MarHaba from Aleppo

MarHaba from Aleppo,

 

Today we ate breakfast early because we will travel about 50 km to the site of I. kirkwoodii subsp. kirkwoodii.  Thomas had not yet visited this site and we anticipated that it could be difficult to find.  Clyde ate his usual 20-30 olives for breakfast so we were prepared for a long day.  We spotted the Iris from the bus near where we expected it and surprised the bus driver by promptly exiting.  He argued without success that there was no reason to leave at this place.  The Iris was on the hillside among large boulders and small (about 6x10 feet) areas that had been cleared of rocks and planted to wheat.  This region is more prosperous with olives, wheat and houses that are substantial and elaborate.

 

We spent several hours at this site then walked about 3 km to nearby ruins.  The ruins were spectacular and obviously rarely visited.  According to Thomas’s book there were three churches at this 6th century Byzantine town.  We spent about an hour exploring the ruins then hitched a ride in the back of a passing truck to the main road to catch the bus back to Aleppo.

 

While washing off the thick coating of dust we had accumulated we heard chanting and singing in the street.  We ordered chai from the front desk and went out where we were surprised to see the street blocked off just beyond the motel and chairs set out along its perimeter.  Whirling dervishes were performing, three young men and one child.  We were invited to sit in an inconspicuous place at the end of the street (no other women were present) and served spiced Turkish coffee and sweet rolls.  Unfortunately we had not brought our camera.  We think it was a celebration of Mohammed’s birthday although it had been two days previous.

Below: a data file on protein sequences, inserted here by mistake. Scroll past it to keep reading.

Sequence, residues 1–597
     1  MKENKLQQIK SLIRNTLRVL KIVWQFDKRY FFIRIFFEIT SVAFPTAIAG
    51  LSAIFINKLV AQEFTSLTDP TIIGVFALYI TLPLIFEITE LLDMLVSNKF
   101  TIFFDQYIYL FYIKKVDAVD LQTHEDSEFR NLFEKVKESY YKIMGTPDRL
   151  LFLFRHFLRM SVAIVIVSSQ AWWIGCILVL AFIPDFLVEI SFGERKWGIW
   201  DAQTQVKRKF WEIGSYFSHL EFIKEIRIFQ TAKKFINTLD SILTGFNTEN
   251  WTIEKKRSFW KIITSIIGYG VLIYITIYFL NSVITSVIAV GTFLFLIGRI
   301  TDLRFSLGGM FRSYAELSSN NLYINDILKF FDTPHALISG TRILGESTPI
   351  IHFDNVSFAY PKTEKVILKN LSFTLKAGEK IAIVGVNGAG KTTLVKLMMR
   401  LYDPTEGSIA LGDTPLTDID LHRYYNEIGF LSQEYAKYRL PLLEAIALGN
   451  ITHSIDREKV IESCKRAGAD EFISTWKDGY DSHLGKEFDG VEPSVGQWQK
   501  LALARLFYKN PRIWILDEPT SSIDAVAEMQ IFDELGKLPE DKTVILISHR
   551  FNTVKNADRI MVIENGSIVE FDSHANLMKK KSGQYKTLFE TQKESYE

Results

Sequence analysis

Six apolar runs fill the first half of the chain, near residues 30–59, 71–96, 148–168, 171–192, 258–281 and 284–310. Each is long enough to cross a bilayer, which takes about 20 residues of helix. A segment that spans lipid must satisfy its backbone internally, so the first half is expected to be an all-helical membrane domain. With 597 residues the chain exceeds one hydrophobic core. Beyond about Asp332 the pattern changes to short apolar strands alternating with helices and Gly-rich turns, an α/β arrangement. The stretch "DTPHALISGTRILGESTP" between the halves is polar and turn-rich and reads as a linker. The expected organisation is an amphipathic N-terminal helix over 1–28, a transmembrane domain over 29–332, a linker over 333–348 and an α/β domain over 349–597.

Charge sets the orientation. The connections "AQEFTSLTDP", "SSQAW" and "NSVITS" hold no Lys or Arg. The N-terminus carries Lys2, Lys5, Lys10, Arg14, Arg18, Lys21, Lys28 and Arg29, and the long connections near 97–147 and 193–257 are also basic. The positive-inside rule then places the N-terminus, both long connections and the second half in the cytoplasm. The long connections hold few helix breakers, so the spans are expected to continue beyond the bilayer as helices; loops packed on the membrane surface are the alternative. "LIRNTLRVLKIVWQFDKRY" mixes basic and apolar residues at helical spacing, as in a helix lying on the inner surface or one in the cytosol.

It has been a fruitful and interesting day.

 

Ma’a salaama!

 

Carol

4/13/06

 

MarHaba from Aleppo,

 

We met Thomas this morning and set out by bus to see Iris kirkwoodii subsp. calcarea.  We hiked about 1.5 km from a small town to reach the site.  Along the road we met a sheepherder and his wife.  The wife walked with us for some distance talking in Arabic while I nodded and smiled.  The Iris was in full flower on a hillside below the ruins of tombs from the 5th or 6th century.

 

From the bus we had spotted a scorpiris Iris (I. aucheri) that was past bloom and decided to stop to look at it on the way back.  The site was near a Bedouin camp and four children came to investigate our arrival.  A young man in charge of the ewes that were lambing invited us into their comfortable and colorfully decorated tent for chai (tea).  We were given tea, fresh sheep yogurt and flat bread prepared by his young wife who did not join us.  We only got a brief glimpse of her but she was quite beautiful with darkly made-up eyes and flowing light orange dress.  Three lambs were born while we ate as verified by the children who ran to the tent opening dangling each lamb by one leg to show our host.   Our host inspected our cameras and compared Clyde’s cell phone to his own.  He exchanged the chips between the phones but they were apparently not compatible.  We bid him goodbye as the remainder of the family was arriving with the sheep herd. 

 

Ma’a salaama!

 

Carol

4/12/06

 

 

MarHaba from Aleppo,

 

The trip across the border was interesting.  We hired a taxi that specializes in transporting people from Gaziantep to Aleppo.  By the time we completed the process we had proceeded through at least eight official checkpoints and had quite a thick stack of paperwork.  The last official returned to us several times with seemingly unimportant questions and took an hour before having his assistant enter our arrival in the computer.  We began the trip today at 2:30 AM in the Antalya airport and ended it at 6:00 PM at hotel Al Faisal in Aleppo.  We are to meet Thomas Fietz tonight who has photographed Iris at several Syrian sites in Aleppo but have not yet made contact.

 

Ma’a salaama!

 

Carol

4/11/06